Amid the mayhem of the 2007 emergency imposed by Musharraf and the sacking of Chief Justice Iftikhar Muhammad Chaudhry, Nawaz got permission to return and his party was allowed to take part in the 2008 elections.

After securing second place in the polls behind PPP, the two parties initially formed a coalition government which barely lasted a few months.

The PML-N parted ways with the PPP-led coalition since the two could not see eye-to-eye on the issue of reinstating Chief Justice Chaudhry and other judges who were sacked by Musharraf.

In March 2009, Nawaz started a long march against the PPP government to press for the restoration of the sacked judges, which was successful as the judges were reinstated.

Nawaz remained a vocal critic of President Zardari and his party during its government, even though he was often accused by his political rival Imran Khan of being a ‘friendly’ opposition leader.

1980

Nawaz rose to prominence when he was inducted in the Punjab cabinet first as finance minister during General Ziaul Haq’s military regime and later served as chief minister of Punjab in the 1980’s for two consecutive terms.

1990

He was elected Prime Minister in November 1990 for the first time under the banner of Islami Jamhori Ittehad (IJI)-a conglomerate of different right and center-right political parties succeeding Benazir Bhutto’s government which was sent packing after less than two years in power in 1990.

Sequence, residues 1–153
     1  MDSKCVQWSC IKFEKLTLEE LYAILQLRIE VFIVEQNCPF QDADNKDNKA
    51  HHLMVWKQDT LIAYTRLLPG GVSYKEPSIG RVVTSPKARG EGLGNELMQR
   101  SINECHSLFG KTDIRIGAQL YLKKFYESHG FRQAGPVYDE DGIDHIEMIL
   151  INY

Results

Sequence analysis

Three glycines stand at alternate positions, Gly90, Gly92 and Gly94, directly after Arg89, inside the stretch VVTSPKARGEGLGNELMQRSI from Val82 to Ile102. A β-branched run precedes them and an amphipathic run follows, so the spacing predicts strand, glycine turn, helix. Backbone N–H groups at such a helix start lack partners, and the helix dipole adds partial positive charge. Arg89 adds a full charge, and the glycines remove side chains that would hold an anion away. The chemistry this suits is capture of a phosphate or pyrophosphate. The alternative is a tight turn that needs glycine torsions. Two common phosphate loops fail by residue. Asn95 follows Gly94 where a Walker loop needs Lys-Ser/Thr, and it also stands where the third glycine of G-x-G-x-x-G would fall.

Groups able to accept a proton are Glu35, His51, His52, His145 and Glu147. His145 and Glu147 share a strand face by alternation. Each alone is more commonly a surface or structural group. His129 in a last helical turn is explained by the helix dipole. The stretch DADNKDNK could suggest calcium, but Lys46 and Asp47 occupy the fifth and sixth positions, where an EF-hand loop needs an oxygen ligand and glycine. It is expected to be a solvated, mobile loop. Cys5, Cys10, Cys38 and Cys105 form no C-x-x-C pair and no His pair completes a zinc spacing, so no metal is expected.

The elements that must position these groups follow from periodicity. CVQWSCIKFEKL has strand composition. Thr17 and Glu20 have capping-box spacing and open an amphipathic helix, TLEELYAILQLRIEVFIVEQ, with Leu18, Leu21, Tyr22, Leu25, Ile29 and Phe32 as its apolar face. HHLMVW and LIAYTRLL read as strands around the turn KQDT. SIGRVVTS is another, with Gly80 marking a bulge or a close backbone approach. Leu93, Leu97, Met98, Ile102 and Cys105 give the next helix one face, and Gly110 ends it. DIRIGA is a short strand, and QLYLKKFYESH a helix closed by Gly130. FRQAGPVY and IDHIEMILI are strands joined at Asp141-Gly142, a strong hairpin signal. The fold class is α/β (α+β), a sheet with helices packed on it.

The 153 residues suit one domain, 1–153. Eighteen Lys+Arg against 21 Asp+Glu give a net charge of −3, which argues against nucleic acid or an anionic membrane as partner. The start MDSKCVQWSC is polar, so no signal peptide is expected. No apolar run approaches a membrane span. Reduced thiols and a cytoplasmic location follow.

1997

Nawaz came to power again in 1997 following dismissal of Benazir Bhutto’s second government with so-called “heavy mandate” having a two-thirds majority in the parliament. Using the clout he brought several amendments in the constitution that made him a very powerful prime minister.

1999

On October 12, 1999 Nawaz Sharif’s govt was toppled by General Pervez Musharraf. Nawaz was sent to Attock fort and was charged in a plane highjacking case. Benazir Bhutto was already in exile and the former foes became allies when Nawaz moved to London from Saudi Arabia after five years.

2000

He went into exile to Saudi Arabia in 2000 after an alleged agreement under which he was barred from returning and had to keep away from politics for ten years.

2007

In 2007 Nawaz got permission to return home and his party was allowed to take part in elections that were due in January 2008. These elections were delayed for a month due to assassination of PPP chairperson Benazir Bhutto in a bomb and gun attack during the election campaign.

2008

February 2008 polls brought PPP into power with PML-N becoming second largest party. The two parties initially started a coalition government that hardly lasted a few months.

2009

In March 2009, Nawaz started a long march against the PPP government to press for reinstatement of the sacked judges.

Published in The Express Tribune, June 6th, 2013.

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COMMENTS (15)

Mohammad afzal | 8 years ago | Reply

@mrs ahmed: You are sulking and want to bring back the era of late forties!

Ali tanoli, | 8 years ago | Reply

it was great projects started by Mian sahib and I hope he will completes the Highway or Motorway this time.